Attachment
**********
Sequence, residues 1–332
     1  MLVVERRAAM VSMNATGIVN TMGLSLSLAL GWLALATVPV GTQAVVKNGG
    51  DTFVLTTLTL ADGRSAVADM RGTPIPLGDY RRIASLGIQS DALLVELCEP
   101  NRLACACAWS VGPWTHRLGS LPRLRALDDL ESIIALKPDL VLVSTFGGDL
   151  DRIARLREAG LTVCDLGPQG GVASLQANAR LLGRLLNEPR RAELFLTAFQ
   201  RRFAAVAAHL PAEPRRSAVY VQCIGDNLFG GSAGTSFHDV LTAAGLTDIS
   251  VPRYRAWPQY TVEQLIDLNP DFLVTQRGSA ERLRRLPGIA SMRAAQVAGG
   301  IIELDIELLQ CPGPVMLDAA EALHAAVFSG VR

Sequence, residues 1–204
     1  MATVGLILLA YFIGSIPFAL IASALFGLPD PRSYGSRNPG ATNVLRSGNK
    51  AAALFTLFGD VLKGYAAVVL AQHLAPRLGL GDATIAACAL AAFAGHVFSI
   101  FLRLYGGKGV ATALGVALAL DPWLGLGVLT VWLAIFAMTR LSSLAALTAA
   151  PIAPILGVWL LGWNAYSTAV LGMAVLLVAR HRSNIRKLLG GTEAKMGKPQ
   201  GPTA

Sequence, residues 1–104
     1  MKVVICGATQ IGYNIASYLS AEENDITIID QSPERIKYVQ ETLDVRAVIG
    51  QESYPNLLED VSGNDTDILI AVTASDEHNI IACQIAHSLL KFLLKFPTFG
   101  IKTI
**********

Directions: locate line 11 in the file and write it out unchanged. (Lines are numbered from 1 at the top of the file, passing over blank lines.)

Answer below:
    51  AAALFTLFGD VLKGYAAVVL AQHLAPRLGL GDATIAACAL AAFAGHVFSI